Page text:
The Genetic Lottery

Why DNA Matters for Social Equality

by Kathryn Paige Harden


Harden’s thesis has two parts: first, that genetic effects on one’s life trajectory are meaningful; second, that considering these effects is necessary to make a more just and equitable society. She also spends about 10% of the book attacking eugenicists for being eugenicists, which is always fun.
Look, for example, at the extensive FAQ written by the Social Science Genetics Association Consortium to accompany the publication of their 2018 GWAS of educational attainment. It was extremely pessimistic about using an education-associated polygenic index for “any practical response”, because the index is “not sufficient to assess risk for any specific individual.” The only application they did endorse? “The results of our study may be useful to social scientists, e.g., by allowing them to construct polygenic scores that can be used as control variables.
A GWAS (Genome-Wide Association Study) assesses individual gene correlation with trait representation in a population. Because most traits we care about (“intelligence”, insofar as it can be well-defined, “mental disorders”, “executive function”) are likely extremely polygenic, such tests only start to pick up statistically significant influences with large sample sizes (the individual effect size of any single gene is tiny). Nevertheless, these have been conducted, and with >10^6 participants these studies have started to bear fruit.
If you put all the genes identified in the GWAS together in the form of a polygenic index, you can account for ~13 percent of the variance in educational attainment. This is substantial when viewed in comparison to the effect sizes that we see for other social science variables (e.g., 11 percent for family income). Yet it is still a far cry from the twin study estimate that about 40 percent of the variation in educational attainment is due to genes.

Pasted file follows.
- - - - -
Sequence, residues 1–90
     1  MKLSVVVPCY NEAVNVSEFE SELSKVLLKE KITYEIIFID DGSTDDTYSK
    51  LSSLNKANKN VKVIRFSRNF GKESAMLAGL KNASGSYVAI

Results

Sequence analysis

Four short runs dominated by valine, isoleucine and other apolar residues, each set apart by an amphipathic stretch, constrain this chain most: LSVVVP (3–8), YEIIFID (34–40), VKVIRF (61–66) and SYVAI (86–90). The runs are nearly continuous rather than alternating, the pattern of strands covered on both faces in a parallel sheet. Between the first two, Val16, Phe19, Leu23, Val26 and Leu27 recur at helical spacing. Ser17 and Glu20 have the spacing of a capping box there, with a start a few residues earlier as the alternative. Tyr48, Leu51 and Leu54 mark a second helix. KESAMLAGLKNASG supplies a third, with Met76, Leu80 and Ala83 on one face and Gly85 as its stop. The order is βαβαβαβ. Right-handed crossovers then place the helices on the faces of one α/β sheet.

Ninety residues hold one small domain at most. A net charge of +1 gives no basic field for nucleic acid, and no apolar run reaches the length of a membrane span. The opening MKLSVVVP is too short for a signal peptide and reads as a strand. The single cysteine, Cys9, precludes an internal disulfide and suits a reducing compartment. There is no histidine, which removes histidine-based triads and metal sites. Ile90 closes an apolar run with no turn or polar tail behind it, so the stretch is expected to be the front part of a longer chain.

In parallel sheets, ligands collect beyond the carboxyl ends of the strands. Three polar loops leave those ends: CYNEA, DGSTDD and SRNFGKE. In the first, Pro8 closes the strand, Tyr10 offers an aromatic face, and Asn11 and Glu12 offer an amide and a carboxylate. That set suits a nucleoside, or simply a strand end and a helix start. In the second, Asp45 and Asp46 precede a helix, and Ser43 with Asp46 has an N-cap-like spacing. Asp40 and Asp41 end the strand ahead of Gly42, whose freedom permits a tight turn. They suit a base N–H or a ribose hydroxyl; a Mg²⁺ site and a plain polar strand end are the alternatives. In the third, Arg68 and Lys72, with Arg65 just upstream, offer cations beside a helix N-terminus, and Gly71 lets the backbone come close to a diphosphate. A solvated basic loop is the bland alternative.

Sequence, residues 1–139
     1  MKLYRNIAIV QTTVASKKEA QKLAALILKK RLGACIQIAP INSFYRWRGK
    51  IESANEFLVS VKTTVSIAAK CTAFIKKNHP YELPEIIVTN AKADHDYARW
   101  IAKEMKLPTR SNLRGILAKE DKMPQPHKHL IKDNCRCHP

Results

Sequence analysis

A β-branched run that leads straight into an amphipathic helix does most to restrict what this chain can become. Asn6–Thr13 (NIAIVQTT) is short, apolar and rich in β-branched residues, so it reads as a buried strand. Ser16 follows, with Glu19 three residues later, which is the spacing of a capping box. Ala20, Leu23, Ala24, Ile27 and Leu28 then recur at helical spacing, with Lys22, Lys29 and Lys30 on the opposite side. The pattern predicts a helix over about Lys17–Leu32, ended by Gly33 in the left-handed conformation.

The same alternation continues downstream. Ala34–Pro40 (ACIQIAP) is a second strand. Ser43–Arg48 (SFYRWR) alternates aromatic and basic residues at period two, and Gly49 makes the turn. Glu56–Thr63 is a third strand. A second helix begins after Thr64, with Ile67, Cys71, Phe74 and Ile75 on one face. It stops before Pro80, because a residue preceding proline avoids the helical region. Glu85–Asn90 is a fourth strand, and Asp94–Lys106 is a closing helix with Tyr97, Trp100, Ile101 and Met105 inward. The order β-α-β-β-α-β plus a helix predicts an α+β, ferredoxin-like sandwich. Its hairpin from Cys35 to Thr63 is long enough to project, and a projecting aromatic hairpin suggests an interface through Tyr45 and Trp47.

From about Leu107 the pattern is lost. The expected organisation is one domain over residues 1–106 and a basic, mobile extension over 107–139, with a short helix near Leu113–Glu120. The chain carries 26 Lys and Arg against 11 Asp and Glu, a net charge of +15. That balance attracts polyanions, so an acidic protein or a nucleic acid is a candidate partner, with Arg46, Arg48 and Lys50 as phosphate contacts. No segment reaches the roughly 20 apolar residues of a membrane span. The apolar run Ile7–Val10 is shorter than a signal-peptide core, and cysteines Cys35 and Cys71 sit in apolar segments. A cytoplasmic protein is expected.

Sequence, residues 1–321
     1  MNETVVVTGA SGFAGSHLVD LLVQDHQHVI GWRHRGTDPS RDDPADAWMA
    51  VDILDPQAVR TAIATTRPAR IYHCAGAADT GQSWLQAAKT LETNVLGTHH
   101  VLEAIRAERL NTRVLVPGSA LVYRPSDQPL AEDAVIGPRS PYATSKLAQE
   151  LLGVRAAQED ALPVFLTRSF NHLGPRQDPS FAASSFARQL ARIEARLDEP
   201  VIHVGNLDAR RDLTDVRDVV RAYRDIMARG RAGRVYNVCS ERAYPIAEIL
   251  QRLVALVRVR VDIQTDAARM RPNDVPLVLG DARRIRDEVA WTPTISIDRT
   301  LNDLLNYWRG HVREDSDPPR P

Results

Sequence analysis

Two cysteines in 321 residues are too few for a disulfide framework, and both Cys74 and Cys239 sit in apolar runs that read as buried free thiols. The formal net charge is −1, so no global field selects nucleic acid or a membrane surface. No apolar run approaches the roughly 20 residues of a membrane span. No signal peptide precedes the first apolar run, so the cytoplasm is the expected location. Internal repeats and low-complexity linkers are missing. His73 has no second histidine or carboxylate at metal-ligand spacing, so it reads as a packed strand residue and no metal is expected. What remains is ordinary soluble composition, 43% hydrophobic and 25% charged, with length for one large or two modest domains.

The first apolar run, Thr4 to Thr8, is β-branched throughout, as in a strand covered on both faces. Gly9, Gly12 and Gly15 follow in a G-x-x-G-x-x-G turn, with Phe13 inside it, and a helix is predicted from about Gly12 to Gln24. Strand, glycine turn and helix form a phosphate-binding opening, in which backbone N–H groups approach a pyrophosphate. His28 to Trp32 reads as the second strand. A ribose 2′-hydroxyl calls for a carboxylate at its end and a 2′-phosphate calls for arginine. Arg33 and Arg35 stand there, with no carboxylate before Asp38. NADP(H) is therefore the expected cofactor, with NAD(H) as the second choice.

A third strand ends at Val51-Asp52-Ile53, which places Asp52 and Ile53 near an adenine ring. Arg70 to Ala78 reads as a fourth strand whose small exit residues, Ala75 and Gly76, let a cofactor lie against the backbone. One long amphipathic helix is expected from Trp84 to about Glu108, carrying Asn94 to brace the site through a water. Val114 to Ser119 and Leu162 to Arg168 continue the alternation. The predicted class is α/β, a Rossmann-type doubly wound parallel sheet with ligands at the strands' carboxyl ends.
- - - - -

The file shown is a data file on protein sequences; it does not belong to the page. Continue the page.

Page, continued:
Generally, genetic influences estimated by GWASes are less than those implied by twin studies. Two reasons why: GWASes underestimate genetic influence (more genes have even smaller effects that in aggregate account for more differences) and twin studies overestimate it (identical twins are assumed to have equivalent environments). But even as a lower bound, GWASes imply that, holding all else equal, varying one’s genome has at least as much influence as being born to college-educated parents, being born in a two-parent household, or being born into a richer family.

In the past few years, the field of psychology has been rocked by a “replication crisis,” in which it has become clear that many of the field’s splashy findings, published in the top journals, could not be reproduced and are likely to be false. Writing about the methodological practices that led to the mass production of illusory findings (practices known as “p-hacking”), the psychologist Joseph Simmons and his colleagues wrote that “everyone knew [p-hacking] was wrong, but they thought it was wrong the way it is wrong to jaywalk.” Really, however, “it was wrong the way it is wrong to rob a bank.”

Like p-hacking, the tacit collusion in some areas of the social science to ignore genetic differences between people is not wrong in the way that jaywalking is wrong. Researchers are not taking a victimless shortcut by ignoring something (genetics) that is only marginally relevant to their work. It’s wrong in the way that robbing banks is wrong. It’s stealing. It’s stealing people’s time when researchers work to churn out critically flawed scientific papers, and other researchers chase false leads that will go nowhere. It’s stealing people’s money when taxpayers and private foundations support policies premised on the shakiest of causal foundations. Failing to take genetics seriously is a scientific practice that pervasively undermines our stated goal of understanding society so that we can improve it.

Does this mean that inequalities in society are inherent and can only be changed with mass gene drives? Harden argues no, that in fact the fitness of a given gene is dependent on the environment in which the organism expresses it, and just like we can treat nearsightedness with eyeglasses we can treat other genetic predispositions with environmental interventions. (Obviously this is correct). But failing to account for genetic influences (using polygenic scores as a “control variable”) will likely lead to the development of ineffective interventions as our metrics won’t account for inherent confounders.

I think this is broadly correct. Important to note that as far as I can tell, the only GWASes with statistically significant results have been done on those with European ancestry. Given that information, it’s definitely incorrect to generalize that a major contributing factor to racial inequalities in education/income/wealth have a genetic component (we just don’t have data), but it is evidence that on an individual level, holding all else equal, your genes matter.

And why should we treat this any differently from other factors we judge one to have no control over? We can’t choose our parents or our birthplace. We couldn’t choose our genes either, and they might matter more.

Random facts that I’m confused about: